Tuesday, December 6, 2011
Scholarship or elite school?
BY GERALD M. BRADSHAW
Bradshaw College Consulting
Dear Mr. Bradshaw: I will apply to several top colleges next year, and I have a question that, so far, no one has answered to my satisfaction.
If I am offered a full scholarship to a state college, should I accept it? If I gain admittance to a top college like Harvard or MIT, is it worth the extra money and debt to attend one of them over a state college?
My parents are encouraging me to stay in state and apply for a full scholarship, which I probably will get. That sounds reasonable, but my concern is what I would give up if I turned down the chance to attend a top-tier college. --Student
— Each year, some students turn down the chance to attend a top-tier college because they feel the academic pressure to perform or the financial burden would be too great. Others might prefer to attend a college closer to home.
Whatever your decision, there are tangible benefits if you attend Harvard or MIT. Keep in mind, these are my personal views and may not represent the majority of college advisers.
A recent article in The Harvard Crimson carried this headline: “Dropping out of Harvard: A standard to aspire to.”
Facebook co-founder and CEO Mark Zuckerberg had returned to his alma mater for the first time since dropping out in 2005. He came back dressed in jeans and a sweat shirt to recruit students for his company. He also visited MIT on his trip in an effort to find more of the best and brightest students for his company — arguably the gold standard by which other companies measure their ability to attract the best candidates.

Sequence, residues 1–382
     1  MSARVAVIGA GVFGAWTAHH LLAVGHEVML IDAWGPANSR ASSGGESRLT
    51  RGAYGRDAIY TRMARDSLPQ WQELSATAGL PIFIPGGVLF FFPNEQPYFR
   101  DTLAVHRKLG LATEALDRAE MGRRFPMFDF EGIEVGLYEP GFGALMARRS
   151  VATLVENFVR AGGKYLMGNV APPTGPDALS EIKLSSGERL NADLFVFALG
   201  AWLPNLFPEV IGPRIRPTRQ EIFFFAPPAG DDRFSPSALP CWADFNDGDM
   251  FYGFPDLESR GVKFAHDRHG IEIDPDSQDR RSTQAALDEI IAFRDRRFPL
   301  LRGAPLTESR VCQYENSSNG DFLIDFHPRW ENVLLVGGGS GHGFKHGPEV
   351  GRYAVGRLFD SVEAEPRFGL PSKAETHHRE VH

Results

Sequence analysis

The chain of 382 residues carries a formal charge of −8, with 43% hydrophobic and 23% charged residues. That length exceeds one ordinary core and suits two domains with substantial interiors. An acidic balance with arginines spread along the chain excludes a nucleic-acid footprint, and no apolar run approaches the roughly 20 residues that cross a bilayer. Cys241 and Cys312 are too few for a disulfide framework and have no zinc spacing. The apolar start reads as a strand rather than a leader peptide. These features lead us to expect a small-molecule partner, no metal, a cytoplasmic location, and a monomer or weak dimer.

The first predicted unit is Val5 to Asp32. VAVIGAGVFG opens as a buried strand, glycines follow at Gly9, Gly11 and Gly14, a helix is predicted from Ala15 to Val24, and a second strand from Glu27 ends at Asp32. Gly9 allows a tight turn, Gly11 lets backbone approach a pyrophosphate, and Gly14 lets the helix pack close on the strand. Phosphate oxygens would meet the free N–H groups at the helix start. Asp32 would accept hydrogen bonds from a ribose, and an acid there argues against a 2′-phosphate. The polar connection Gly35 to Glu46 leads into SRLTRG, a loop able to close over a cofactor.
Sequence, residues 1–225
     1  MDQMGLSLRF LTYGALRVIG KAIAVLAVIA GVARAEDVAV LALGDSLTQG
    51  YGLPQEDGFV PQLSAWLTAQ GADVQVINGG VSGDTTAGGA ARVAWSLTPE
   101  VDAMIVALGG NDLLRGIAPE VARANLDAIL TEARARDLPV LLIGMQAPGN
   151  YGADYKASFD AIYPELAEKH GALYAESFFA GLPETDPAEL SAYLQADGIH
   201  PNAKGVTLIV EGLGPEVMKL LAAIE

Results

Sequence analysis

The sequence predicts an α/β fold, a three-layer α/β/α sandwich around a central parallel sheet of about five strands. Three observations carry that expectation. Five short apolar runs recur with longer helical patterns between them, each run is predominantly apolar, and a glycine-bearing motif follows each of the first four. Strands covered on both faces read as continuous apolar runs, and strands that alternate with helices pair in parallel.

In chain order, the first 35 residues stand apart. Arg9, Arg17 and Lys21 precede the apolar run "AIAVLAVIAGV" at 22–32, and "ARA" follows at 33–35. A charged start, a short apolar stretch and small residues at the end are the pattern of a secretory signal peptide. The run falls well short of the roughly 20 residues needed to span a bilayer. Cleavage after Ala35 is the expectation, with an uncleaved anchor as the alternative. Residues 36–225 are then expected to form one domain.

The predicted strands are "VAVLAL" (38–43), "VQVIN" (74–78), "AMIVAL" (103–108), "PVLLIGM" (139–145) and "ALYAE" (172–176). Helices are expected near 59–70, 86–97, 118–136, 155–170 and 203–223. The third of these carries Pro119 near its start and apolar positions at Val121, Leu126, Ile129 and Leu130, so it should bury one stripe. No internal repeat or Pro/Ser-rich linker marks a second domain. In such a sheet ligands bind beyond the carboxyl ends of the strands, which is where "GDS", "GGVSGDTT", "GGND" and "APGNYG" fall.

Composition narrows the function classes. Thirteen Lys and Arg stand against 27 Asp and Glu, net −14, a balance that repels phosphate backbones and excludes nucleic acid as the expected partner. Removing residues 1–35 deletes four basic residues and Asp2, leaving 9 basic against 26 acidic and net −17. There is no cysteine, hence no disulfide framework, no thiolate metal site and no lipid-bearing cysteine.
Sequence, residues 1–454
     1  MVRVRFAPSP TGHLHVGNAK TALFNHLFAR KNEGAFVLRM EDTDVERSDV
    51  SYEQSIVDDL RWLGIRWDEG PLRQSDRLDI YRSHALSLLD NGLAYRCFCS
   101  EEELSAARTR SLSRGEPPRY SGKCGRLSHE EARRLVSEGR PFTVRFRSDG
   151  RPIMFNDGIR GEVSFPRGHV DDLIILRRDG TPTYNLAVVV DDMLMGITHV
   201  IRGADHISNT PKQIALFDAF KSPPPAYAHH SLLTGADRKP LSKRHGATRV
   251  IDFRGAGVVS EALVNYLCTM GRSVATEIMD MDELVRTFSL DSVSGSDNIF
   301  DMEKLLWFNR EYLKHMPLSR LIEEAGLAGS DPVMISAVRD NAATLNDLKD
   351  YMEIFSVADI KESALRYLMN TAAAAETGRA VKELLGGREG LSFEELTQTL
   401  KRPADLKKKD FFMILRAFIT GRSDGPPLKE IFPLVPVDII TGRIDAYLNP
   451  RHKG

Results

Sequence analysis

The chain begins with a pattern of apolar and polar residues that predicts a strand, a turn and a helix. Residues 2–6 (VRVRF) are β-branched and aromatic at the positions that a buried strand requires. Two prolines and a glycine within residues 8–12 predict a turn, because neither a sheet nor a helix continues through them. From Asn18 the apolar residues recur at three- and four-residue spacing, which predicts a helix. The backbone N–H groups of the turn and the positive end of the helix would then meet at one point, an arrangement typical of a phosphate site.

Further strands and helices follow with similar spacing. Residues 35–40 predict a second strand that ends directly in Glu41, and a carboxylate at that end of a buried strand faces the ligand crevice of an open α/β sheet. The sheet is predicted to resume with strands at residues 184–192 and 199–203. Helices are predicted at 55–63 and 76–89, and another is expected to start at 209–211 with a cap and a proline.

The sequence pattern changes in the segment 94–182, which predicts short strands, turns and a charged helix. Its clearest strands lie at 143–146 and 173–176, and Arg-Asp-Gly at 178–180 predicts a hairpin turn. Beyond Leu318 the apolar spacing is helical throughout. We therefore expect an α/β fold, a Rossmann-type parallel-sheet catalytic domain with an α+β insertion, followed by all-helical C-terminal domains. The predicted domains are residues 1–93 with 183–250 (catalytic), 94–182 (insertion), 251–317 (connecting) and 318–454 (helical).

With Facebook starting salaries averaging $150,000 per year and a work environment built around brilliant and talented employees, Zuckerberg selects only the best. It doesn’t hurt that the popular movie “The Social Network” added to his celebrity.
Zuckerberg recruits at top colleges, he said, because he wants to have “the first crack at the stars before they graduate.” The Crimson added he was looking for “the next Bill Gates, who might be right in this room.” These comments often are not made about other universities.
In the tradition of other famous dropouts like Gates, Zuckerberg made no bones about being different. He encouraged students to take time off from their studies to explore what they really want to do. His talk was limited to only 200 students who were selected based on resume submissions.
Why did he stop at Harvard? Because Harvard is the most selective college in America. It accepted only 6.1 percent of all applicants last year. Harvard students ranked at the top of their classes in high school, and many turned down full scholarships at other schools to study there.
Gates and Zuckerberg charted a new course when they dropped out of college to become entrepreneurs. Their actions have influenced a generation of students to think differently about computer science.
Gates said computer programming lured him away from Harvard, but an early 1990s biography says he dropped out when Harvard objected to his use of university computers for private business.
I know my clients want to succeed and use what they learn in college to start businesses, and they write openly about their entrepreneurial goals in their applications. These are the students Zuckerberg wants for Facebook — before Google and Apple get there.
What would you give up if you turned down the chance to attend a top-tier school? Perhaps a chance to work at one of the greatest companies in the world, surrounded by the best and brightest students of your generation.